2004 ED. POLO'S, CHAINS AND NEW SMILES
Interior, 11 AM, South-Side Chicago. The camera tracks into a small bedroom, the blinds are wonky and they let the late morning sun stream in sweaty to make the dust dance. Sounds of a busy street bustle into the sedentary room, it is messy but homely. There is a desk and a bed. The dregs of last night's coffee turn milky on the wooden surface alongside a college diploma repurposed as scribbled notes, a phone-book and an Akai MPC. Strewn across the floor are battered, second hand records whose cardboard dog-ears and peels: they are the kings and queens of soul - Aretha, Nina, Otis - and on the walls are posters of their prodigies: Lauryn Hill, Missy Elliot, Outkast and Jay Z.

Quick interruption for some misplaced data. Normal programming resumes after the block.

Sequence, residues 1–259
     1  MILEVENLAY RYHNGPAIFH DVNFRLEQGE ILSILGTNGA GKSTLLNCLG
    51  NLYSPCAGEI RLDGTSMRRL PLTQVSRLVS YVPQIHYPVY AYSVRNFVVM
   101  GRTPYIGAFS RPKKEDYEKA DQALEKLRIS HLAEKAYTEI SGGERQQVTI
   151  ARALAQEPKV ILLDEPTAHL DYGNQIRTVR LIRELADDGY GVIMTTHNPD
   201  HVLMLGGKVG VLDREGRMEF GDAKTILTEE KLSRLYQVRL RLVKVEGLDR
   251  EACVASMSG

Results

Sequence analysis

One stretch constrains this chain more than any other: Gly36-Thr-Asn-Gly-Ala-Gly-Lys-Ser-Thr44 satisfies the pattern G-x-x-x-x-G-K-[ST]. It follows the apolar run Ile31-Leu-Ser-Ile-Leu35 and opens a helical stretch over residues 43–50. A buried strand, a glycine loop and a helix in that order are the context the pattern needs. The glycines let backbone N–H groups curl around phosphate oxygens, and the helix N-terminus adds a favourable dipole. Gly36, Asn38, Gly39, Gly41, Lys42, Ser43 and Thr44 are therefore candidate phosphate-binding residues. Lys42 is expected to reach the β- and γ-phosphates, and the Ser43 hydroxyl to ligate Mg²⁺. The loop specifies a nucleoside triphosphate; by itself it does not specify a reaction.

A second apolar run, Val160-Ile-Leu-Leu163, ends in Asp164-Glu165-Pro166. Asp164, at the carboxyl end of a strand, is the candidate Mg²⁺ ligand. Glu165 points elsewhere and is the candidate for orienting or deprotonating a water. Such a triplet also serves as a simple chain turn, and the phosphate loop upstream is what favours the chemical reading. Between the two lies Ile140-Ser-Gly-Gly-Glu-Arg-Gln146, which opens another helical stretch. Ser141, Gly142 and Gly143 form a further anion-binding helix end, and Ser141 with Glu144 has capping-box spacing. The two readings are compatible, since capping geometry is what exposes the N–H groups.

The light guides the camera to what it spotlights: the head of a felt, mascot bear. Its owner is snoring on a single bed, over-sized paws hanging pins-and-needles off the side. Pan up. And picture this. He dreams of music, but he has no idea of the power it will unlock. He has no idea about all of the lights that will be turned onto him, no idea about the things he will say and the things others will say about him. For now, he is just trying to give the kids something to sing. Wake up Mr. West.